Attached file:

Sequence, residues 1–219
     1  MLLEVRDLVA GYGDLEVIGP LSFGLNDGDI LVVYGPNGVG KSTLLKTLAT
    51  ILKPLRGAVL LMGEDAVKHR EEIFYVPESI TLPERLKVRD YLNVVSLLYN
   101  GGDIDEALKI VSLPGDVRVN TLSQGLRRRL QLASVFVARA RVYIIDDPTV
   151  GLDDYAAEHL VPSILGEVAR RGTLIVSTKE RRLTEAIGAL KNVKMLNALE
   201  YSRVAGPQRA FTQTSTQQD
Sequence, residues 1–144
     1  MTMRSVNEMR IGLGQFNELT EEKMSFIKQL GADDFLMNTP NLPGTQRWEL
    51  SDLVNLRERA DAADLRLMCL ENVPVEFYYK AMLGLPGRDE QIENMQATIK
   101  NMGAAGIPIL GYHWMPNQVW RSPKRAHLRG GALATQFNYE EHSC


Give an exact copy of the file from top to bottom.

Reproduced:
Sequence, residues 1–219
     1  MLLEVRDLVA GYGDLEVIGP LSFGLNDGDI LVVYGPNGVG KSTLLKTLAT
    51  ILKPLRGAVL LMGEDAVKHR EEIFYVPESI TLPERLKVRD YLNVVSLLYN
   101  GGDIDEALKI VSLPGDVRVN TLSQGLRRRL QLASVFVARA RVYIIDDPTV
   151  GLDDYAAEHL VPSILGEVAR RGTLIVSTKE RRLTEAIGAL KNVKMLNALE
   201  YSRVAGPQRA FTQTSTQQD
Sequence, residues 1–144
     1  MTMRSVNEMR IGLGQFNELT EEKMSFIKQL GADDFLMNTP NLPGTQRWEL
    51  SDLVNLRERA DAADLRLMCL ENVPVEFYYK AMLGLPGRDE QIENMQATIK
   101  NMGAAGIPIL GYHWMPNQVW RSPKRAHLRG GALATQFNYE EHSC